20 terms

Chapter 3: Federalism

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Terms in this set (...)

Block Grants
Federal Grants given more or less automatically to sates or communities to support broad programs in areas such as community development and social services
Categorical Grants
Federal Grants that can be used only for specific purposes, or "categories", of state and local spending. They come with strings attached, such as nondiscrimination provisions.
Cooperative Federalism
A system of government in which powers and policy assignments are shared between states and the national government. They may also share costs, administration, and even blame for programs that work poorly.
Dual Federalism
A system of government in which both the states and the national government remain supreme within their own spheres, each responsible for some policies
Elastic Clause
The final paragraph of Article I, Section 8, of the constitution, which authorizes congress to pass all laws "necessary and proper" to carry out the enumerated powers.
Enumerated Powers
Powers of the federal government that are specifically addressed in the constitution ; for Congress, these powers are listed in Article I, Section 8, and include the power to coin money, regulate its value, and impose taxes.
Extradition
A legal process whereby an alleged criminal offender is surrendered by the officials of one state to officials of the state in which the crime is alleged to have been committed
Federalism
A way of organizing a nation so that two levels(national and state) have formal authority over the same land and people. It is a system of shared power between units of government
Fiscal Federalism
The pattern of spending, taxing, and providing grants in the federal system; it is the cornerstone of the national governments rations with state and the local governments.
Formula Grants
Federal Categorical Grants distributed according to a formula specified in legislation or in administrative regulations
Full Faith and Credit Clause
A clause in Article IV, Section I, of the Constitution requiring each state to recognize the official documents and civil judgments rendered by the courts of other states.
Gibbons V. Ogden
A landmark case decided in 1824 in which the Supreme Court interpreted very broadly, the clause in Article I, Section 8, of the constitution giving Congress the power to regulate interstate commerce, encompassing virtually every form of commercial activity. The commerce clause has been the constitutional basis for much of Congress' regulation of the economy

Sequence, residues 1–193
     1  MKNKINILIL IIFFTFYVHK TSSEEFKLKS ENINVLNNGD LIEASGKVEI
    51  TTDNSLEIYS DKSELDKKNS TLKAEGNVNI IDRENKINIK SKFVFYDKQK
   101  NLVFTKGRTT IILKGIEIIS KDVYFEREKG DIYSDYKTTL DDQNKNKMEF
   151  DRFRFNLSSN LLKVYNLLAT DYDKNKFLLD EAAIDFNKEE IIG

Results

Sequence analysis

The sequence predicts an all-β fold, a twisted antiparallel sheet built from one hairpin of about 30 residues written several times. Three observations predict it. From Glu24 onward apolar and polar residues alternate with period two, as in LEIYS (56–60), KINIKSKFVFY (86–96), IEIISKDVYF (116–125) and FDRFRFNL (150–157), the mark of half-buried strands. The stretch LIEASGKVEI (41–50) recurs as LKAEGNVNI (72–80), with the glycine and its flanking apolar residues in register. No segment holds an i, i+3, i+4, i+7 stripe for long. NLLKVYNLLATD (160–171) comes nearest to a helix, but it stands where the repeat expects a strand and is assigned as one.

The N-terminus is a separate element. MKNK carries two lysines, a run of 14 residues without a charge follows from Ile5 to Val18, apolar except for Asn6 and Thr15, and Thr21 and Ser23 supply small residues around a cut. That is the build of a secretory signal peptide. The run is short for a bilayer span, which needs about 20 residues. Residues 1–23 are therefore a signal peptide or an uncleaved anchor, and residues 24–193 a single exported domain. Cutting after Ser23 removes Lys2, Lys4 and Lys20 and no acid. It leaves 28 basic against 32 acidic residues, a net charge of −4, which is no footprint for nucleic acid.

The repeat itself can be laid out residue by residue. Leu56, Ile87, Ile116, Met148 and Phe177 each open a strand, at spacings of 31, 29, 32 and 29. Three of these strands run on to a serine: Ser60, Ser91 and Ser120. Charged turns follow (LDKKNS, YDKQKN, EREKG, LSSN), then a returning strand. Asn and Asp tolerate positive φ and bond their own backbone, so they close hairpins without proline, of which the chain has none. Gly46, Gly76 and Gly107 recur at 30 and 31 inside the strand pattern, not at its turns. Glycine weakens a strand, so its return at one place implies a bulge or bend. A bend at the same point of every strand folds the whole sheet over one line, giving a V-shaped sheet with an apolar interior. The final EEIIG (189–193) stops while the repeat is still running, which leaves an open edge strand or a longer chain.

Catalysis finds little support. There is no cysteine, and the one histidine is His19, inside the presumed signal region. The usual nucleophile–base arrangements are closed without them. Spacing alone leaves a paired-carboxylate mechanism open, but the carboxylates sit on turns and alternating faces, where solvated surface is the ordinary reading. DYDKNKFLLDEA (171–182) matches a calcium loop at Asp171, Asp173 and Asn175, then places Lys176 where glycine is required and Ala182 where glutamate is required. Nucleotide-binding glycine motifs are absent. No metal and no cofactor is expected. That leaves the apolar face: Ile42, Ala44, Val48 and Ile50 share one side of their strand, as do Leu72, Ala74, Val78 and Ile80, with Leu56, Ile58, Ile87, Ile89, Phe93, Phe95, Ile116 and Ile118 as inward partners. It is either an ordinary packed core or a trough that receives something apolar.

Implied Powers
Powers of the federal government that go beyond those enumerated in the Constitution. The Constitution states that congress has the power to "make all laws necessary and proper for carrying into execution" the powers enumerated in Article I. Many federal policies are justified on the basis of implied powers.
Intergovernmental Relations
The workings of the federal system - the entire set of interactions among national, state, and local governments
McCulloch v. Maryland
An 1819 Supreme Court decision that established the supremacy of the national government over state governments. In deciding this case, Chief Justice John Marshall and his colleagues held that Congress had certain implied powers
Privileges and Immunities Clause
A clause in Article IV, Section 2, of the Constitution according citizens of each state most of the privileges of citizens of other states.
Project Grant
Federal Grants given for specific purposes and awarded on the basis of the merits of applications. A type of the categorical grants available to states and localities
Supremacy Clause
Article IV of the Constitution, which makes the Constitution, national laws, and treaties supreme over state laws when the national government is acting within its constitutional limits
Tenth Amendment
The Constitutional amendment stating that "The powers not delegated by it to the states are reserved to the states respectively, or to the people."
Unitary Government
A way of organizing a nation so that all power resides in the central government. Most national governments today including those of Great Britain and Japan, are unitary governments.